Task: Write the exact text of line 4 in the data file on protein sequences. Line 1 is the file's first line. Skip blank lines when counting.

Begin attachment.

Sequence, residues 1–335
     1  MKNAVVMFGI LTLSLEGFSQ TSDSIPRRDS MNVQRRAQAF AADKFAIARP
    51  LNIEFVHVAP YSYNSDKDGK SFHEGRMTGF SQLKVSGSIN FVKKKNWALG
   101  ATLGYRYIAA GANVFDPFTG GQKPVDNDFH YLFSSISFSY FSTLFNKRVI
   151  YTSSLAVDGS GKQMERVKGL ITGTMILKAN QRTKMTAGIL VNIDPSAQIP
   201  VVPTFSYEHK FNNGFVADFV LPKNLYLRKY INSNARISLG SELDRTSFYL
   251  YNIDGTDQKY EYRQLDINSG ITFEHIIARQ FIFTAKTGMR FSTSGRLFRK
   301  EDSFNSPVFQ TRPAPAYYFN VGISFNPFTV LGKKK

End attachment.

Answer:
   101  ATLGYRYIAA GANVFDPFTG GQKPVDNDFH YLFSSISFSY FSTLFNKRVI